Danish developer Ørsted says it intends to press ahead with its plans to develop up to 1.6GW of offshore wind capacity off South Korea after it successfully collected data from four floating lidars.
The offshore wind projects will be located more than 70km from the centres of Incheon City, in shallow waters at the planned project site to allow for cost-effective development.
Once an off-take agreement with a Korean energy utility and final investment decision is made, the projects could be commissioned from 2026, subject to permits.
Matthias Bausenwein, president of Ørsted Asia Pacific, said: “Ørsted's projects in Incheon will support a thriving offshore wind industry in South Korea and contribute to the realization of the government's target of 12GW offshore wind capacity by 2030.
“Building on our experience and unparalleled track-record in offshore wind development world-wide and in Asia Pacific, we are dedicated to engaging in long-term partnerships with the South Korean government and local stakeholders.”
The projects in Incheon could provide clean energy to 1.4 million South Korean households and reduce carbon emissions by almost four million metric tons per year.
This would offer a significant contribution towards the Green New Deal and South Korean President Moon Jae-in’s recent commitment to net zero emissions by 2050.
The flagship projects would bring multi-trillion investments, significant economic activity and jobs to South Korea.
Martin Neubert, executive vice president and CEO of Ørsted Offshore, said: “The prospects of contributing to South Korea's transition to renewable energy is a great inspiration for Ørsted.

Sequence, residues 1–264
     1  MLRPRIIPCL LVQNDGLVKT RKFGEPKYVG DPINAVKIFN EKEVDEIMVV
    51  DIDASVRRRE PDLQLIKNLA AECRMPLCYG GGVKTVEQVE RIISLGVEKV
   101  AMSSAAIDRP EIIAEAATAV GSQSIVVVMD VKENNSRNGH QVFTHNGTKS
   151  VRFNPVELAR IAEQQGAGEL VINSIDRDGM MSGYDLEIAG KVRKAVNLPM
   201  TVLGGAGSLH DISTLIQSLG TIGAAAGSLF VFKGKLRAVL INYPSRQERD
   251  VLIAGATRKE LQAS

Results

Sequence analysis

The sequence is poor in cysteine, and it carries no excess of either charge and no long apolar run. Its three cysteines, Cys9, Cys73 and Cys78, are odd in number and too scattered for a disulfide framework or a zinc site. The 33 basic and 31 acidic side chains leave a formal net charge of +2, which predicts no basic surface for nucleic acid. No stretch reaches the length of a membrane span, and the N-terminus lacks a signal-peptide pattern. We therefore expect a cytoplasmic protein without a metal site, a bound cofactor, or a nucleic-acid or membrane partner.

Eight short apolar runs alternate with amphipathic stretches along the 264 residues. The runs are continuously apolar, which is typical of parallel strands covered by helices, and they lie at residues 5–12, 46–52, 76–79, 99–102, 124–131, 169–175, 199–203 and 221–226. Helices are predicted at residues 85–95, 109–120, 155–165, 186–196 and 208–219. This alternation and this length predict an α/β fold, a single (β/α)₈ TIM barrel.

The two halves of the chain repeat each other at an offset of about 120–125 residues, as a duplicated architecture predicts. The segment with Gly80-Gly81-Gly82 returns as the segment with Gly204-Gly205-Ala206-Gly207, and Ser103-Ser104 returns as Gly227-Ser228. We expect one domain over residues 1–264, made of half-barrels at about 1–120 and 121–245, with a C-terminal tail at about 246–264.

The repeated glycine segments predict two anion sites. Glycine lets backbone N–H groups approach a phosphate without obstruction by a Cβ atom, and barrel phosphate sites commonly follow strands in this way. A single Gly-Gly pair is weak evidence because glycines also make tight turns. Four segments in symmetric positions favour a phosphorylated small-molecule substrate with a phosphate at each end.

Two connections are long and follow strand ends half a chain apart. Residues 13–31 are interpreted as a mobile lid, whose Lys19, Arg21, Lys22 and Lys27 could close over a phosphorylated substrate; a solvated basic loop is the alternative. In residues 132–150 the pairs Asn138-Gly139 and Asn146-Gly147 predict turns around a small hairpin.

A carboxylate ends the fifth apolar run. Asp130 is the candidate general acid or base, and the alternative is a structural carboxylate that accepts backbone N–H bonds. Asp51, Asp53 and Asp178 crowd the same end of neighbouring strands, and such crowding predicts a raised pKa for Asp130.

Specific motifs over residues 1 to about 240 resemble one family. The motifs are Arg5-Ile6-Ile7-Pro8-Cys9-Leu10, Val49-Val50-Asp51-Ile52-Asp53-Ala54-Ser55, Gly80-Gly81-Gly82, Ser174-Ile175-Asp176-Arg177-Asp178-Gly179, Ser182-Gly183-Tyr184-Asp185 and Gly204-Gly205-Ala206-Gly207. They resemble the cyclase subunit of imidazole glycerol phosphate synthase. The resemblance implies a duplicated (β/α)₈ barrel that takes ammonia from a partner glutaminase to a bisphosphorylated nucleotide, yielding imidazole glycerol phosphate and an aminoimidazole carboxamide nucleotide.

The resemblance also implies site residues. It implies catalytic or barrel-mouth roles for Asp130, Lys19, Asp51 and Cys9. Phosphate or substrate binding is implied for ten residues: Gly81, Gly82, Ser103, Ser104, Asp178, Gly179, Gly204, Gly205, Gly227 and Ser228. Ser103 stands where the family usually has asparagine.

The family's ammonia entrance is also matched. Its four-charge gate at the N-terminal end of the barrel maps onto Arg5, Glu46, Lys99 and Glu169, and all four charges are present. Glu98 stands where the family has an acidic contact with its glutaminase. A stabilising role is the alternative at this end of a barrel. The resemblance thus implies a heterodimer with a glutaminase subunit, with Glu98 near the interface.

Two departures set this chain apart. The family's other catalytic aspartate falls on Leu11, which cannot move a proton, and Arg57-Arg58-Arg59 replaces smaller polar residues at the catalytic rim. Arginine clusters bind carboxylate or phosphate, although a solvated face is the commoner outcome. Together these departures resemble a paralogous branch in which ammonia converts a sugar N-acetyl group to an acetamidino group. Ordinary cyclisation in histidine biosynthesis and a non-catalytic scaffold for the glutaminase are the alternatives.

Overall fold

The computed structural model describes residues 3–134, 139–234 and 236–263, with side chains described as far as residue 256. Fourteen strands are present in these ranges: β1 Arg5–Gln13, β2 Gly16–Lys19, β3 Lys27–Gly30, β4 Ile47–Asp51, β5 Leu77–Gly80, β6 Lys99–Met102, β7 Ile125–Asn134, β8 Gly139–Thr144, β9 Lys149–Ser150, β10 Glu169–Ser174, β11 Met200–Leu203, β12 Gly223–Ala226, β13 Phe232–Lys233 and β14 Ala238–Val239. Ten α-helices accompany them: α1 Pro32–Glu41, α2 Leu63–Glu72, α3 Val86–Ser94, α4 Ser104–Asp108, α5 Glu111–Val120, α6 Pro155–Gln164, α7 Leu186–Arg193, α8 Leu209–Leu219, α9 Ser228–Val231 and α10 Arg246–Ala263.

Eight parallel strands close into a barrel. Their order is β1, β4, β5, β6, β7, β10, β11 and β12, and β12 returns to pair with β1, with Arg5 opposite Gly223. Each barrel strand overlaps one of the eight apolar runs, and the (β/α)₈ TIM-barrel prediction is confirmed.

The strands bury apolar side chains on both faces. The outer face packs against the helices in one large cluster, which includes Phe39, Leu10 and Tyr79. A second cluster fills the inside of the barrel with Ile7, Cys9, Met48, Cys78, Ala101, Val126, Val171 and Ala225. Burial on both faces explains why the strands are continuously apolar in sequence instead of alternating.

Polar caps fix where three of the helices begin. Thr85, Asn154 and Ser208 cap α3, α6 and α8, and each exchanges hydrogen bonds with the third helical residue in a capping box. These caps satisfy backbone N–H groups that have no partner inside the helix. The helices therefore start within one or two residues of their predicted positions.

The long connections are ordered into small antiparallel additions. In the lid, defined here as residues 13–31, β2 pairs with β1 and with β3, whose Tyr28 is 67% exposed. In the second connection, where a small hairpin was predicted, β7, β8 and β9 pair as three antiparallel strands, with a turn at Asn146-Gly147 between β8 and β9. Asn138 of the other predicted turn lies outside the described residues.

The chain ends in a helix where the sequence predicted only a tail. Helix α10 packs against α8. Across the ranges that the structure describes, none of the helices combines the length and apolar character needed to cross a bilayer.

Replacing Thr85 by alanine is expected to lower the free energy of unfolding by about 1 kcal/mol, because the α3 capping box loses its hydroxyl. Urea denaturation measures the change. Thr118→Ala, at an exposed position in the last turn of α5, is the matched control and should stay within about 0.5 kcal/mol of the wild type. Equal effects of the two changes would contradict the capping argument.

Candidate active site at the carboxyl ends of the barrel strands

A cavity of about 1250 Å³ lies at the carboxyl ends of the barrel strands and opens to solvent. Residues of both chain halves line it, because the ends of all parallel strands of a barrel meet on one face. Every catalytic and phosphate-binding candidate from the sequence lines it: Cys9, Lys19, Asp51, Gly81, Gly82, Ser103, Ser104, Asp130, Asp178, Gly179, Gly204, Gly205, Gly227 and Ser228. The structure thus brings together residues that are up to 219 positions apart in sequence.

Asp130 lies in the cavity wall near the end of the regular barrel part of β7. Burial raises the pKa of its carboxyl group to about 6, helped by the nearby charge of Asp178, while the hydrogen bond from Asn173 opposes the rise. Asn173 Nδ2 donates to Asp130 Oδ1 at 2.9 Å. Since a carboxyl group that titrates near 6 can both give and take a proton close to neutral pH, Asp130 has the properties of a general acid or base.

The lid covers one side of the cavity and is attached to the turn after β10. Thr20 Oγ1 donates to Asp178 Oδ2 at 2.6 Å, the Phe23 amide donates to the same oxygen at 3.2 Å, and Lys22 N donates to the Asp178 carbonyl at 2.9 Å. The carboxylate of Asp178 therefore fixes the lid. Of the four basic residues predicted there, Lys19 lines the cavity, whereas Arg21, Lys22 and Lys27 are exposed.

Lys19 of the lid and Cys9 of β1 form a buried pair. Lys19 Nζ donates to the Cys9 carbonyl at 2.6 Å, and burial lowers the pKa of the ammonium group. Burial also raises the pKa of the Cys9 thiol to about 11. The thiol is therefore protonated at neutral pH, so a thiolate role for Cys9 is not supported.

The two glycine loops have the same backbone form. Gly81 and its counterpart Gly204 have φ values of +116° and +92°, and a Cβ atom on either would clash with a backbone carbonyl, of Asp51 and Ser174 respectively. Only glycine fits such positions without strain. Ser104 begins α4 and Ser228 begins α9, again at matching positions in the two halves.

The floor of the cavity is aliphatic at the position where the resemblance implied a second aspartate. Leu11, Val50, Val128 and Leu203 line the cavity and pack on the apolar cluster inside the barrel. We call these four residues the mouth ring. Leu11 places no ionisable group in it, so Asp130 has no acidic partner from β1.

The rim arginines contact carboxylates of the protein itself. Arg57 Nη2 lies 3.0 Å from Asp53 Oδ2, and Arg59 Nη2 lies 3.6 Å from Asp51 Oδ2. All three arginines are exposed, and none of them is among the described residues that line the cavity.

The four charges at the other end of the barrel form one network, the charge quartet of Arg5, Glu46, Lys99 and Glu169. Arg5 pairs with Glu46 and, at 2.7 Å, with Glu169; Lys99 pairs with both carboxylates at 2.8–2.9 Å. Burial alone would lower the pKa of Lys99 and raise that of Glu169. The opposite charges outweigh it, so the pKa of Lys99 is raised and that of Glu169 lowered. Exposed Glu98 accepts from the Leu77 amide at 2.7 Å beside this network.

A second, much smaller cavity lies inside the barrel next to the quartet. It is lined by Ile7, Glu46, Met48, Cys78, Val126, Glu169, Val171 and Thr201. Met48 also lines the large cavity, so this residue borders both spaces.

“With strong industrial capabilities, significant supply chain potential, and numerous sites with promising offshore wind conditions, South Korea has a fantastic starting point for becoming a leading offshore wind market.”
Ørsted has been working with a number of South Korean companies on offshore wind projects in Asia and Europe and Asia.
These include steelmaker POSCO, tower manufacturer CS Wind, manufacturer LS Cable, industrial conglomerate Hyosung, offshore fabricator Samkang M&T, Hyundai ESI and foundation manufacturer EEW Korea.
The developer also worked with Samkang M&T and Hyundai ESI to complete the fabrication of the first jacket foundations for Ørsted's Greater Changhua 1 & 2a offshore wind farm in Taiwan.
The developer said that it started early engagement with local communities and the fishing industry so that a local voice was incorporated into project development.
In September, Total and Green Investment Group announced they were set to develop 2.3GW capacity in Korea, with an initial plan for five projects.
A deal included three projects in Ulsan totalling 1.5GW and two in South Jeolla Province for 800MW.
In August, oil engineer Aker Solutions unveiled an offshore wind blueprint that included plans to develop wind farms off South Korea, in the US and Norway.
Equinor said it was testing South Korea for floaters back in July, with the Norway-based oil major confirming it wanted to explore whether building an 800MW floating offshore project off the country's south-east coast was feasible.
And in 2019, EDPR and Aker Solutions announced a plan for a 500MW South Korean floater. The firms bought into a consortium with WindPower Korea to develop a 500MW floating wind farm off Ulsan, South Korea.